Thursday, January 11, 2007


Planned Mauna Kea telescope: innocent observer or military spy on the sky?

The world now knows that the Bush administration relied on fear mongering tactics to sway public opinion to support its unfortunate incursion into Iraq.
US Secretary of State Colin Powell said Sunday it was nonsense to label US intelligence on Iraqi weapons of mass destruction as bogus.
--CNN, June 9, 2003

There were no WMDs of course, but we sure fell for it, didn't we. I like to think that we have learned a lesson, and that the American people will be much more critical of contrived threats used to advance military and political objectives should the tactic be tried again.

Thank goodness I didn't hold my breath waiting for politicians to stand up and confront the administration and stop the war. Few spoke out. Ultimately, the people took matters in their own hands and booted the Republicans out of Congress.

The fear-mongering that Goebbels used so effectively to bend the German people to his will would not have succeeded here if the press were not complicit. Not only were the hard questions not asked, but print and broadcast media served as cheerleaders for the Administration both in the runup to war and as it unfolded.

The stakes are high. Pan-STARRS is being designed to rapidly scan the night sky to detect asteroids and comets streaking through space on trajectories that could cause a devastating collision with Earth.
--Advertiser, January 11, 2007
Which brings us to Hawaii and the press's role in the war over the summit of Mauna Kea.

There's an article on the bottom of today's Honolulu Advertiser innocently headlined Astronomers seek to win favor that could serve as a model to journalism students researching Goebbel's methods. Note how the writer accepts without question the "potential threats" posed by the as-yet-undiscovered asteroids of mass destruction. We are supposed to react to this threat by allowing a huge telescope to be built on a sacred mountain, overcoming reasonable and long-standing public objection.

Just as the press uncritically accepted claims of Iraq's non-existent WMDs, the Advertiser has failed to check into the credibility of the threat and suitability of the proposed remedy. It's really the beginning of a case study if any student is looking for a term project.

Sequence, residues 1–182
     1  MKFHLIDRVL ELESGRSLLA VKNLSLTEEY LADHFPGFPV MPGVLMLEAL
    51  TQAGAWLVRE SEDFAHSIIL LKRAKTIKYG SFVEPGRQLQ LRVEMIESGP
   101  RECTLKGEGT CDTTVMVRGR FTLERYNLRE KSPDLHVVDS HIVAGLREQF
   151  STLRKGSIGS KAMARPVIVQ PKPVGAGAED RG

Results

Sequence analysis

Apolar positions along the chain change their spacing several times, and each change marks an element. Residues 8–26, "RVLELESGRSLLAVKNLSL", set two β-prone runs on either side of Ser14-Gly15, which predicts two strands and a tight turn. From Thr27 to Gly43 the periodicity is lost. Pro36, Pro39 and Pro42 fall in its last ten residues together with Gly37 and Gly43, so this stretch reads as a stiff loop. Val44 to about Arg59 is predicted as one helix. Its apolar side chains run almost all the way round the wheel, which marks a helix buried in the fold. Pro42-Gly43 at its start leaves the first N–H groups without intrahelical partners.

My suspicions are obviously aroused. Why the urgency? According to the Advertiser article,
Scientists believe they can complete a survey of the potential threats in 10 years if Pan-STARRS is built on Mauna Kea, which is widely regarded as the best location for astronomy in the world. But that same work will take more than 20 years if Pan-STARRS must be built on a less desirable alternate site on Maui's Haleakala, according to planning documents for the project.
In other words, humanity has managed to survive for millions of years without this telescope, and now, to find out if we're doomed at last, we have to build it or keep worrying for an additional ten years. Oh, the pain. Will adding ten years to the mystery matter at all? There's got to be more to it than spying on evil asteroids intent on destroying civilization as we know it.

And so there is. But to find out, you need to check the story over at the Star Bulletin. In Asteroid tracker due for isles, Helen Altonn reports that
Pan-STARRS' purpose is to detect and track asteroids and comets on a threatening path toward Earth. It will also survey other moving objects in space.

Funding is provided through an agreement administered by the U.S. Air Force Research Laboratory. The UH will support maintenance and operation of Pan-STARRS and be responsible for processing what is expected to be a deluge of data and images.
(The Advertiser story also mentions the Air Force funding.)

What we learn from the Star-Bulletin story is that the telescope will track other objects in space. This is key because it is an Air Force project, and because there seems to be some kind of military contract with the University of Hawaii to analyze the data for the military.

Both Bush the Elder and Clinton allowed the Star Wars funding to lag. Now Bush the Younger has resurrected the dream of U.S. dominance of the Earth via the militarization of space.
--Bob Fitrakis, June 24, 2004
The question we need to ask may be if this telescope is part of Bush's plan to militarize space. The device will be the largest digital camera in the world, with obvious utility to the military. To dominate space it's necessary to know if anyone else is up there, and to detect and get precise coordinates on any object that they might launch.

There are unanswered (in fact, unasked) questions about the UH role in analyzing data for the military and whether this contract will be a back-door way for UH to participate in a potentially lucrative Star Wars project.

In a perverse way, the willingness to conduct an environmental impact study at a cost of $1 million or more may be as much a desire to nail down that military contract as to appease the community.

If the telescope is part of Star Wars, it also becomes a military target. The sacred mountain will be in the cross-hairs of a future enemy planning to launch something into space undetected. We have a right to know exactly what use will be made of the data collected by the proposed telescope before assuming its job is purely scientific.


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